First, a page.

News: French Montana Reveals What Hurt 50 Cent's Rap Career
Tuesday, Oct 9, 2012 2:55PM
Bad Boy Records' French Montana recently discussed the decline in hip-hop beefs and why those heated situations may have had an impact on rap star 50 Cent's career.
In Montana's perspective, rap beefs often leave a bad image for artists.
"You should avoid beef if you trying to make money. People get scared when you try to beef with people. In general, [even in street shit] nobody want to stand next to you if somebody about to shoot you, unless you have a a big lick [Ed. Note--A "lick" means a hustle.] They [used to] do that with 50 because 50 was the bank. They knew he was going to win. People ain't doing that [anymore] ... [The rap game's not built like that anymore]. No, it's over for that. It's gone, big time. They'll get you out so fast." (Complex)
Last week, Terror Squad leader Fat Joe spoke on ending his decade-long rap beef with 50.
"He always wanted me and 50 Cent to make peace forever but we were just being stubborn and ignoring him," Fat Joe revealed in an interview referring to the late Chris Lighty. "I came to do the tribute, I knew 50 Cent would be there but I came there like, 'We're going to do this for Chris.' And while we were there, 50 whispered some things in my ear that was like gentleman-like, you know what I'm saying? I'm a gentleman. I don't dislike people. I'm one of the most loveable dudes in hip-hop, believe it or not. But you know, he just said the right things, a handshake was involved and that was that. It was two grown men to say 'Yo, this is Chris Lighty, this is for hip-hop, let's move on with our lives.' This is Israel-Palestine. I don't want to talk crazy but this was going to go bad no matter what. ... Unfortunately, it took somebody I love very much and  love so much, somebody who tried effortlessy to squash the beef for years." (Hot 107.9)
Prior to patching things up, Fif found himself engaged in a brief beef with Young Money superstar Lil Wayne.
"Yeah, yeah, but you know what's interesting, I was just in Las Vegas, I was performing with this thing with Mountain Dew -- I did write the Lil Wayne line on the actual song but you know, when I got an issue, it's clarity in it," 50 said in a summer 2011 interview. "I never, I don't really do subliminals. [Did I say his name on the song?] No, I didn't. I'm making references to his actions because I see, within hip-hop culture, I'm watching the artists attempting to be like the audience in order to gain the audience instead of just letting them come to us. That's even why the urban apparrel business is going away. They dress like the skateboarders. If you're wearing skinny jeans, that's 'their' culture. That is like clothes the skateboarders would wear. You see what I'm saying? [Maybe he likes to skateboard?] Yeah, I just don't know gangsters from New Orleans that skateboard. It's gonna get interesting. If you look at it, like, I ran into [rapper] Machine Gun Kelly in Las Vegas while I was out there and -- he's really like a part of that culture. I don't have a problem with Weezy." ("The Angie Martinez Show")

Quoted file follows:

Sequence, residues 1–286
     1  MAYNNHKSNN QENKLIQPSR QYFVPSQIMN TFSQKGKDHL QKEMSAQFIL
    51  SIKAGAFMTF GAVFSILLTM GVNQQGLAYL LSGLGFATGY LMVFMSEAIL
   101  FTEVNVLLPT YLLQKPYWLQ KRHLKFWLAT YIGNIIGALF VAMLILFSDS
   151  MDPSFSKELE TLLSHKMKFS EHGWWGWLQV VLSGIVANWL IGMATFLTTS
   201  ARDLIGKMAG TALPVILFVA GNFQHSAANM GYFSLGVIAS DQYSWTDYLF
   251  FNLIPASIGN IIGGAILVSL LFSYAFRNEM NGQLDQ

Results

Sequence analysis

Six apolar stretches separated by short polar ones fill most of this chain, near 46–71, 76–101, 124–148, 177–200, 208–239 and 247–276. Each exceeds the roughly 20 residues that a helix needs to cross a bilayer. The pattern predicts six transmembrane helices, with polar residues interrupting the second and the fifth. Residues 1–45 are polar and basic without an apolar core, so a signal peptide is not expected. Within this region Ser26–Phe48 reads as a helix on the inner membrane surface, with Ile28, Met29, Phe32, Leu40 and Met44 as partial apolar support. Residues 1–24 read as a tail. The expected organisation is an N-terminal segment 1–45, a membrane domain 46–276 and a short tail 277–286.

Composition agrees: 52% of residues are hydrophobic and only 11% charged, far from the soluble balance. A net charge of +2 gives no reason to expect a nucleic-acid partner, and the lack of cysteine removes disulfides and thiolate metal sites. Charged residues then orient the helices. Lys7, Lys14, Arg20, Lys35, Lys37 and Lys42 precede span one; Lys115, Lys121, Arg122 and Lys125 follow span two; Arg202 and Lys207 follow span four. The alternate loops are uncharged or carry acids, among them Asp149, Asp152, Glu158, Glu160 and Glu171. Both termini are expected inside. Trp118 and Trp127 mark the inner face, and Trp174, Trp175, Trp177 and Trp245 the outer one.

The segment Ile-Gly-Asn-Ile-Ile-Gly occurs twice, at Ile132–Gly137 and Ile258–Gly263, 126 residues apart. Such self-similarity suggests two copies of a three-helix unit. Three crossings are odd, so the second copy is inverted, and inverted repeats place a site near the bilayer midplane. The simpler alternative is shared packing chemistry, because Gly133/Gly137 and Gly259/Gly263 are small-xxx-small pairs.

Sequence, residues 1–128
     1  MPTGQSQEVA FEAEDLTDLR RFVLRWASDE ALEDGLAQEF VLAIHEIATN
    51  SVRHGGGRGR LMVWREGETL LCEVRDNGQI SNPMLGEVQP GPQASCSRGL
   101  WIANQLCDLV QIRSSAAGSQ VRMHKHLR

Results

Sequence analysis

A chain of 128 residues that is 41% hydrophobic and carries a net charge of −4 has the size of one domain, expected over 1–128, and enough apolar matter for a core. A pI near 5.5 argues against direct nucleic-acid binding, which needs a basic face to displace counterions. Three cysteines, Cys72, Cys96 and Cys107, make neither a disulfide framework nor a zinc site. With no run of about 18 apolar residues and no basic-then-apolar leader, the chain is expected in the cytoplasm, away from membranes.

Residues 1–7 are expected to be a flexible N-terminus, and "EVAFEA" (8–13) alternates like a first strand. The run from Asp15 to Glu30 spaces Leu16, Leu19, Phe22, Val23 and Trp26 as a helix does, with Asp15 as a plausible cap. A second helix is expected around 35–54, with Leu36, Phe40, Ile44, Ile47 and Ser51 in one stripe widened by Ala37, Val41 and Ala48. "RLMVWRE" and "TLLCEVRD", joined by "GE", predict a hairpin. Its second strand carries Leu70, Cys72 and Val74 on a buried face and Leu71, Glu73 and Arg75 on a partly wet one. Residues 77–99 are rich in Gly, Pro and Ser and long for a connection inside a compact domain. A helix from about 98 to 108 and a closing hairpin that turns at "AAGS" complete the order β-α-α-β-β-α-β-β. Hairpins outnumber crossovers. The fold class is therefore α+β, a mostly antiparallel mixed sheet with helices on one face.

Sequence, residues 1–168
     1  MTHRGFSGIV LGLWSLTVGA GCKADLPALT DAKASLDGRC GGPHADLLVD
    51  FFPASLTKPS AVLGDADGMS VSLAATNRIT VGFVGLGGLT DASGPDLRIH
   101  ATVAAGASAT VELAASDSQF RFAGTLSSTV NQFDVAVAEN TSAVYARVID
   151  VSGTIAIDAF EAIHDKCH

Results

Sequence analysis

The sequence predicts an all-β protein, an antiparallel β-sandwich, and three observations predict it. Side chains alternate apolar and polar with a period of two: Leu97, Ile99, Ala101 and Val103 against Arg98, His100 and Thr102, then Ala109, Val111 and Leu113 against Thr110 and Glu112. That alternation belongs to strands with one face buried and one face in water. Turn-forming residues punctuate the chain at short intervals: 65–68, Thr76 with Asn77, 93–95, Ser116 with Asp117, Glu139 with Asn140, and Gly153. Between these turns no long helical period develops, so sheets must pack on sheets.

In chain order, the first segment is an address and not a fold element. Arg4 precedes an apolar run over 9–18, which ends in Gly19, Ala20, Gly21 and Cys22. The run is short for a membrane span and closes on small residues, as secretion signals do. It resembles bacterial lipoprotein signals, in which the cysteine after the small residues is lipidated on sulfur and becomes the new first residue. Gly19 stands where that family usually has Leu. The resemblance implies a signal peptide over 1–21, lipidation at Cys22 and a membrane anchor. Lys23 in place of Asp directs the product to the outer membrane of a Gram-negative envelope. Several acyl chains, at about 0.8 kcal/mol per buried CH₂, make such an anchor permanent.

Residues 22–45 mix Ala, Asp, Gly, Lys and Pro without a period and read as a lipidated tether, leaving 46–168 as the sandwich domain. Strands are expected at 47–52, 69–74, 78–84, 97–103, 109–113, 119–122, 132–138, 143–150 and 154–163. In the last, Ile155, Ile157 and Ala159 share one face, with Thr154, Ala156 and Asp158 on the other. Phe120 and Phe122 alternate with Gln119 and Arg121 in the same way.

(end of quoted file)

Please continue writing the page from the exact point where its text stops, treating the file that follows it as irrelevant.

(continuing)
Back in 2011, the G-Unit head defended engaging in rap battles but not beefs.
"I never had a conversation with him. My focus shifted during that record. A lot of times, earlier in my career, I was competing with artists because that was what I loved about hip-hop: The idea that battling someone was necessary to defend your spot and you had to take on all challengers -- so I did that constantly. No one thinks that way now and everyone looks at me like I'm the Broad Street Bully. The younger kids coming up missed that time frame, and even the conscious rap is gone too. The stuff that Common Sense and Talib Kweli and Mos Def were rhyming about. What was socially conscious and responsible about the music has been replaced by hipster kids in skinny jeans and mohawks. Of course, that's always been around, but it was usually confined to the Village. Artists have always had the opportunity to influence the culture, but now it's the other way around: They're trying to look like their audience to attract their audience. Now you can't tell the difference between a Led Zeppelin fan and a hip-hop fan." (Los Angeles Times)